To the end users, it’s a great way of keeping up to date on many, many different websites at once. And you can only see new content, or recently added content. You can see what date it was added to the feed, and much more.

If you are using IE7 you can click on the orange RSS button (to the left of the printer icon) if it is available. That icon glows orange if there is an available feed, and is gray if there is not one.

There are many plugins that do the same thing with Firefox, although I think Firefox 2 has that functionality added as well.

Questions? Comments? Feel free to contact me, James Martin.
Email me, or comment below!

Adobe Blog Squad Unmasked

What is the Adobe Blog Squad? What do they do? Who are they?

My first run in with the Adobe Blog Squad was a week or two ago when I wrote an unfavorable article about Adobe Flex. Shortly after, I had received a comment from James Ward.

James Ward is an employee of Adobe. According to his blog, he is a Technical Evangelist. I don’t know if this is an official posting at Adobe, but it almost has to be these days.

Mr. Ward seemed to very nicely critique my article. This is called the Good Cop. He swooped in to graciously and coherently rebut my opinion. Fine, all good so far.

Shortly after, another comment appeared by a man named Mike Potter. A quick background check shows that he is currently involved in marketing at Adobe as well.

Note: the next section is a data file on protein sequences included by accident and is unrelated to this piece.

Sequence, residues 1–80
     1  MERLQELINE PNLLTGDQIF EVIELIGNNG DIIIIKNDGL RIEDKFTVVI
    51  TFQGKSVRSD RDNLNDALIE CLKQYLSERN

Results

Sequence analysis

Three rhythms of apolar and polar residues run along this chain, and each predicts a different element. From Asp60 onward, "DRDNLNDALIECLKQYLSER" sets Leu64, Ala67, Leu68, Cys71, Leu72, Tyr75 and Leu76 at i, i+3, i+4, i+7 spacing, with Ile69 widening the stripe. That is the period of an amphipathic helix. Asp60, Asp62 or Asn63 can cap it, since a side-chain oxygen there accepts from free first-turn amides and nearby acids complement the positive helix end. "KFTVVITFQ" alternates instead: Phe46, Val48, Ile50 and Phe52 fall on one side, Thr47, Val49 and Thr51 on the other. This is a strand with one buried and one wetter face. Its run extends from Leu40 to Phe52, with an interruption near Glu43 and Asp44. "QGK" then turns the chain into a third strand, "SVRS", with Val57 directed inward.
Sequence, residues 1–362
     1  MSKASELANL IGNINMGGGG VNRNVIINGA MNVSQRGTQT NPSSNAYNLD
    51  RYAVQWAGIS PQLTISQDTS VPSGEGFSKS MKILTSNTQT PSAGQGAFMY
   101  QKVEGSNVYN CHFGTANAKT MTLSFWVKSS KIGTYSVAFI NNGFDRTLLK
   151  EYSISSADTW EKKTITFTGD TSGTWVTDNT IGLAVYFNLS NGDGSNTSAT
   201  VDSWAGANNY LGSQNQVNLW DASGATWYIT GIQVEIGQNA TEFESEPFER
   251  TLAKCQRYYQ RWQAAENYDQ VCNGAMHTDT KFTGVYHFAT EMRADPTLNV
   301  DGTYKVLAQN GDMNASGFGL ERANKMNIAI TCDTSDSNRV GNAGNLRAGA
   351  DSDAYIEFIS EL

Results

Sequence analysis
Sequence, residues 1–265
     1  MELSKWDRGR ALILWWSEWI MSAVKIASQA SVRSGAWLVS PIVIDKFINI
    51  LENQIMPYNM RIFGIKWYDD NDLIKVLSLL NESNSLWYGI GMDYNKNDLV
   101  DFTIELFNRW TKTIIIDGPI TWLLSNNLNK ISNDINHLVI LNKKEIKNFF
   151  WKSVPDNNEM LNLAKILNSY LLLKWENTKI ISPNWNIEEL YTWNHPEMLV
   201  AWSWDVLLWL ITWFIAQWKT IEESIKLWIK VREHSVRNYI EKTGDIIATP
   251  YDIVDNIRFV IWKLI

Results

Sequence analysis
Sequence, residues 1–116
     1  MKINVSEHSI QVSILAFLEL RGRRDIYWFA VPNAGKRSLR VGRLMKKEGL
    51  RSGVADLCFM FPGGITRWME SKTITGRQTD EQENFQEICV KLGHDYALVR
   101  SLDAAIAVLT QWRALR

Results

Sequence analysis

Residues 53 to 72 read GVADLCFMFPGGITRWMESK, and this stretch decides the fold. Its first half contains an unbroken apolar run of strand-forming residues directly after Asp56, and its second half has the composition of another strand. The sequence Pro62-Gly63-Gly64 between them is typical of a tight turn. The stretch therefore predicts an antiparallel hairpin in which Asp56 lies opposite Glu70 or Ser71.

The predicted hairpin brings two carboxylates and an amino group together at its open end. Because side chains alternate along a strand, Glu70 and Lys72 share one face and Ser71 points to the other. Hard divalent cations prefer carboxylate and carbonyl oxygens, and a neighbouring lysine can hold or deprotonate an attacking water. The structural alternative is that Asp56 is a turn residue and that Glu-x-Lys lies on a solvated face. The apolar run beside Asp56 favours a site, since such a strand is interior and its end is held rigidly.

So, shortly after posting a negative article, two people from Adobe show up, both involved in marketing or self-proclaimed “evangelism”. Hmm…

Mr. Potter was, on the surface, as amicable as Mr. Ward, and yet here he is posting on my blog like it somehow matters and he needs to quell the uprising before it begins.

It’s pretty obvious what’s going on. Adobe has employees that are scouring Digg and other sites for anything that can be construed as being negative press, and making sure they try to squash it. Whether this behavior is condoned by Adobe or not has yet to be seen.

It would be in the best interest of Adobe to silence these men, in my opinion. Looking at their websites, as well as some of their previous blog comments, you can tell there are some things they are (or were) ignorant of.

One of them is search engine optimization. From a blog posting a few months ago, the author had a few issues with Flex, including the ability to search Google and other search engines for the content inside Flash. This point sailed right over Mr. Potter’s head:

Search engines index .swf content no problem. A Google search for filetype:swf gives 48 million results for me.

Bravo at looking somewhat foolish. Of course it’s not a terrible mistake to make for a nontechnical person, but for a technical person working at such a public technological company, it is a sin.